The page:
“If Attorney General Miyares has identified an issue with our license to fundraise in Virginia, that is a common and easily resolvable civil issue that many nonprofits face and fix,” the group said in a statement. “By publicly making this dishonest public announcement, Mr. Miyares is clearly attempting to score political points with hateful extremists.”
At Wednesday’s event, Miyares called those accusations “laughable.”
“My job as the attorney general is to be the people’s protector,” Miyares said. “And I also have the statutory authority overseeing charities in Virginia.”
Miyares declined to elaborate on the basis for his suggestion the group might be supporting terrorism.
“I do not, on an ongoing investigation, reveal both our sources and how we got this information,” Miyares said.
Every charitable group that registers to fundraise in Virginia must attest that no funds “have been or will knowingly be used, directly or indirectly, to benefit or provide support, in cash or in kind, to terrorists, terrorist organizations, terrorist activities, or the family members of any terrorist.” The law also prohibits the state from granting registrations to groups that raise funds to “benefit or support” terrorism.
The Anti-Defamation League, a Jewish advocacy group that monitors antisemitism, describes American Muslims for Palestine as “the leading organization providing anti-Zionist training and education to students and Muslim community organizations in the country” and says the group often promotes “inflammatory rhetoric and false accusations against Israel.” The ADL also said the group “has its organizational roots in the Islamic Association of Palestine (IAP), an anti-Semitic group that served as the main propaganda arm for Hamas.”
Miyares’ office also pointed to a pending federal lawsuit filed by an American family that has sought to hold Islamic groups partly responsible after Hamas gunmen fatally shot their teenaged son in 1996 while he was studying abroad in Israel. The family won a $156 million judgment it was unable to collect after the former groups shut down, but the recent lawsuit claims American Muslims for Palestine is substantially similar to the prior organizations involved in the case and therefore should be held liable.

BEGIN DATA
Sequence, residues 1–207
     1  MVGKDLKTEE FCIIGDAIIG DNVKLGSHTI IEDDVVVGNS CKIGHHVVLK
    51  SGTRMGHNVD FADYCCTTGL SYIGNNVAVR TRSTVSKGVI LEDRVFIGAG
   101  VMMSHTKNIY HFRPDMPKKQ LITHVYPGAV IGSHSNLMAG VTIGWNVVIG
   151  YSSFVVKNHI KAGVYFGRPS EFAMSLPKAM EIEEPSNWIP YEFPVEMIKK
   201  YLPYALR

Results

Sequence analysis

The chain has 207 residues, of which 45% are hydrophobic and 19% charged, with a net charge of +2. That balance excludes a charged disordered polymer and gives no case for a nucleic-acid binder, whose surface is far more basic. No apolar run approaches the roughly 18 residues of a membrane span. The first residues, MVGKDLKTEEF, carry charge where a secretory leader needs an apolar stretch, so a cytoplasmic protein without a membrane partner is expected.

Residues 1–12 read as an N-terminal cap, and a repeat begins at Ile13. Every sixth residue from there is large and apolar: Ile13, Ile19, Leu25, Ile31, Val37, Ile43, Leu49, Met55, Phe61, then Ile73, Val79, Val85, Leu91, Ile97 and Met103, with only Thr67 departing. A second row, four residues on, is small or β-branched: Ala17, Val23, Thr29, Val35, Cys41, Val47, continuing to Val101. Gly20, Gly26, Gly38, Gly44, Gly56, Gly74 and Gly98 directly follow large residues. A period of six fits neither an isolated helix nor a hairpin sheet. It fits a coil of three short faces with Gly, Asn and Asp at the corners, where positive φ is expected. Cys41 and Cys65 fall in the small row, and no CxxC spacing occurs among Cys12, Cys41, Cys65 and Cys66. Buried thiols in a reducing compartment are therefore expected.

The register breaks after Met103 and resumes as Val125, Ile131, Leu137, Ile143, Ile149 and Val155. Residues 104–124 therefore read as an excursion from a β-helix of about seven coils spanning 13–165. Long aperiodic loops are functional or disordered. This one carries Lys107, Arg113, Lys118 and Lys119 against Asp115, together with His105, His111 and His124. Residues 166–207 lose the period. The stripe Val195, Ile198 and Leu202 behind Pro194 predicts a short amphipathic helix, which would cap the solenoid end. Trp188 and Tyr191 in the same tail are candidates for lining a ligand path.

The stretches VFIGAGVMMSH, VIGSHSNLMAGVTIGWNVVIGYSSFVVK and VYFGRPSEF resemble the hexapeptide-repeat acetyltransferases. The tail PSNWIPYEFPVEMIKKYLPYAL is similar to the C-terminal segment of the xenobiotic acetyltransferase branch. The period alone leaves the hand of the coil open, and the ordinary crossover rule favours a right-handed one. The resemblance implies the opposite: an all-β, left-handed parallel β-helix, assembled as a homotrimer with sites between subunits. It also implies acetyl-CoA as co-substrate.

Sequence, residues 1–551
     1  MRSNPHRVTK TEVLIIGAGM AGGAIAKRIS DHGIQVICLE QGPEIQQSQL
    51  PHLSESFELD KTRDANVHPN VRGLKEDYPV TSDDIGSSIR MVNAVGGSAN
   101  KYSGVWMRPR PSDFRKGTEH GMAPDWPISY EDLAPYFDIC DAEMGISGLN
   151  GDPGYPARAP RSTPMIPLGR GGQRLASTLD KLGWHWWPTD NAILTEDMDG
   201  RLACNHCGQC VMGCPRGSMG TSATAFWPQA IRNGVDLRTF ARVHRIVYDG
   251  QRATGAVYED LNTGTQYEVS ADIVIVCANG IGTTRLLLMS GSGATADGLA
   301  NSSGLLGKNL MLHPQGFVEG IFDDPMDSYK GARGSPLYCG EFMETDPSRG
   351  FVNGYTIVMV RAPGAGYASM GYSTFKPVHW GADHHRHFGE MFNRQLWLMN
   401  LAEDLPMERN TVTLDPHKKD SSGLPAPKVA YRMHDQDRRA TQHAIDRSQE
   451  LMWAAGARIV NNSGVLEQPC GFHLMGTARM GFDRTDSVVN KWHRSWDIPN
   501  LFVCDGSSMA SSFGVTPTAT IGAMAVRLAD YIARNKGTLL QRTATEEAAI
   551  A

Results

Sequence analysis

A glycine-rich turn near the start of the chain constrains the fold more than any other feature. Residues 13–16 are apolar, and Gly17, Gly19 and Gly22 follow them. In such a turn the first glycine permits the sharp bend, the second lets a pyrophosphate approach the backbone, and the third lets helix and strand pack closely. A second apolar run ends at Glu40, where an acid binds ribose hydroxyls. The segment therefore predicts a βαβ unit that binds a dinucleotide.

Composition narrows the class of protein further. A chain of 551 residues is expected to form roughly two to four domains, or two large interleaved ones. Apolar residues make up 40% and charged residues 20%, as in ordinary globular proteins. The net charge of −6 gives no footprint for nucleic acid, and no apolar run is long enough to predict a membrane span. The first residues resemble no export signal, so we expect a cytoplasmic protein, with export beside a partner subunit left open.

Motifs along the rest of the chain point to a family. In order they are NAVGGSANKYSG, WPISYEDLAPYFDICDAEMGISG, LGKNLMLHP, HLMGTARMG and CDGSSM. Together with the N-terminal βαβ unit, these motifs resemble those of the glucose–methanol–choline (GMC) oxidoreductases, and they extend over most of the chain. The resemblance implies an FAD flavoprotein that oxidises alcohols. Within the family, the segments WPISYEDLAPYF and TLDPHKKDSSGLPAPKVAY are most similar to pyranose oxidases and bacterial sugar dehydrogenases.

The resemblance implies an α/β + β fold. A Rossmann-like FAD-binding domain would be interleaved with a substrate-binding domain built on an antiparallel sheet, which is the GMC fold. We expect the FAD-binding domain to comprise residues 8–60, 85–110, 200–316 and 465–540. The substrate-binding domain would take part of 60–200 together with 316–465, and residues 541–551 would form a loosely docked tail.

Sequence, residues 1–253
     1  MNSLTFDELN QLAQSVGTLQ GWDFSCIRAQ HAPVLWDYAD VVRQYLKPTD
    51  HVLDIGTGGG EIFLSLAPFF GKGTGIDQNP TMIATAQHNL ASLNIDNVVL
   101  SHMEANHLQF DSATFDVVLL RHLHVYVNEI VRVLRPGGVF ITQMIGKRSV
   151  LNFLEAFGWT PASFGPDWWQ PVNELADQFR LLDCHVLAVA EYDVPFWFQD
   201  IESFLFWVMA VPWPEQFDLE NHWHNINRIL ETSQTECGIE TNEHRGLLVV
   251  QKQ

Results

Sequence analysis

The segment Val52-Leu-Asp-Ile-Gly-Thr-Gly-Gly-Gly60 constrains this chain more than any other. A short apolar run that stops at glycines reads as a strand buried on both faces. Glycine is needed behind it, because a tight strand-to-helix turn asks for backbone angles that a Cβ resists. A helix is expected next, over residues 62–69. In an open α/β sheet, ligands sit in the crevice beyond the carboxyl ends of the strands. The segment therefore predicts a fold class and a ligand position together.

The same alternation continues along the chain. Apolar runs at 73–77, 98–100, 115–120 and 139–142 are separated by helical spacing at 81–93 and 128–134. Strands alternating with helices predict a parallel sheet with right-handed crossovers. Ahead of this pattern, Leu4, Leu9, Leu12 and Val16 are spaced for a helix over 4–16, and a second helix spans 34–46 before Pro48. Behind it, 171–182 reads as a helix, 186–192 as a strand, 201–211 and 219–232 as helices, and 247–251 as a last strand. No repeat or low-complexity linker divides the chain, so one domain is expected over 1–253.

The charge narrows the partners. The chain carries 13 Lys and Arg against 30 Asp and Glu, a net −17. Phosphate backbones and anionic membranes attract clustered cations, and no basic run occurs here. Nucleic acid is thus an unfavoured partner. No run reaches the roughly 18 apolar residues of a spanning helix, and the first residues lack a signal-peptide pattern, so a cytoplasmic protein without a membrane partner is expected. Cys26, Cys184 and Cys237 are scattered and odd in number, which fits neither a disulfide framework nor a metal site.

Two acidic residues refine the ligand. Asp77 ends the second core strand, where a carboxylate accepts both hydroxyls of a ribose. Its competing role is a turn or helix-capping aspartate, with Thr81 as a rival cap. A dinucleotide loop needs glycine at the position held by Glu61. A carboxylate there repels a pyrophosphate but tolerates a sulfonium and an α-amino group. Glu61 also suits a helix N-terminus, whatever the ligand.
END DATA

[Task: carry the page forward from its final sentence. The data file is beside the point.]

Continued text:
It’s unclear how long Miyares’ investigation of the group might last.
His office pulled together the donation of supplies to Israel in just a few weeks.
In a letter sent to all 123 Virginia sheriffs last month, Miyares said his office was coordinating donations of surplus equipment from those who “want to help the Israel Defense Forces fight terrorism in Israel and Palestine.”
On Wednesday, Miyares said the equipment he was helping ship to Israel will eventually go to “first responders at the forefront of the conflict.” The attorney general’s office said the shipment will include 800 vests, 50 helmets and 75 protective plates used for body armor.
Some in the crowd of volunteers that helped load the supplies into the truck displayed Israeli flags and held up posters of people believed to be kidnapped during the Oct. 7 attack by Hamas.
Amy Scharf, a Jewish resident of Richmond, said supporting Israel should be a “nonpartisan issue” because the country is a democracy that reflects American values.
“This is standing up to terrorism,” she said. “Pure and simple.”